Last week, I was given the opportunity to attend a workshop run Dr Helen Dampier and Dr Rebecca Gill (University of Huddersfield) about their exhibition: War Without Glamour. We had a lively discussion about the creation of the exhibition and the work of the peace activist, Emily Hobhouse. We also had the pleasure of a guided tour of the exhibition, followed by a reception with a glass of wine.
How many people in Britain have heard of Emily Hobhouse today? She’s a little known outside South Africa, even I, as a History student, hadn’t heard of her before my lecturer Helen mentioned her name. Emily Hobhouse was a peace activist during the Boer War who successfully campaigned to raise awareness and improve the living conditions of the Boer women and children who were imprisoned in camps. Later, she would go on to collect people’s testimonies from the Boer War and then, during the First World War, created a scheme to feed German children in Leipzig.
I learned so much from both the workshop and the exhibition about Emily Hobhouse, her work and how she’s remembered in South Africa today. I was shocked when Helen and Rebecca told us about some of the reactions that they’d had to the exhibition in South Africa. They had faced a lot of negative reactions from people about the way they chose to portray postive and negative aspects of Hobhouse's work, because it wasn’t the way that many South Africans choose to remember her. Helen spoke about how at one of the talks she held in South Africa a large group of people turned up to protest.
I really enjoyed the workshop, it provided an excellent insight into the sheer amount of work that went into creating the creating the exhibition. I’d been given the opportunity in the past to help with writing the content for another exhibition, so I could empathise with Helen and Rebecca about some of the difficulties they faced, however, there were still some parts of exhibition-making that I’d never dealt with before, so talking to Helen and Rebecca really gave me food for thought. Before the workshop, I never really considered the importance of the location of an exhibition, or how it’s important to research the heritage organisation that you’re working with on the exhibition. I was also able to connect some of the issues surrounding the commemoration of Emily Hobhouse to the Genocide and Politics of Memory module that I’m studying this semester. In one aspect of the module we look at how different communities choose to commemorate events and how this can sometimes lead to controversy and cause pain in some cases.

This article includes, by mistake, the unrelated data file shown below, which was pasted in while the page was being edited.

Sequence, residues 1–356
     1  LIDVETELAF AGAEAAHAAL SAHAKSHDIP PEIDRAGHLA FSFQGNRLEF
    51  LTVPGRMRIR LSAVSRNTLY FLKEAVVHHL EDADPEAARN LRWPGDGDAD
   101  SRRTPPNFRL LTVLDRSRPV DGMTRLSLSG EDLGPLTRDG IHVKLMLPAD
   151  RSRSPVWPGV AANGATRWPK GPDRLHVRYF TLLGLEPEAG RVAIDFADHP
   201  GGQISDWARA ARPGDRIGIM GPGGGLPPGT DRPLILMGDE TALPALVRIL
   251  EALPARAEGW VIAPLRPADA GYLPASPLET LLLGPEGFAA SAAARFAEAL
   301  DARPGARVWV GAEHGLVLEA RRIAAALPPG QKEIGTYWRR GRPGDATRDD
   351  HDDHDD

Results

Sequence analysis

I’d say that despite hearing about all the challenges that Helen and Rebecca faced in making the exhibition, I still want to work in the heritage industry, producing exhibitions. It was also a fantastic opportunity to hear from the people responsible for making the exhibition themselves about the step by step process of producing one. I’d recommend attending a workshop like this in the future for anyone who’s thinking about a career in the heritage industry or exhibition-making.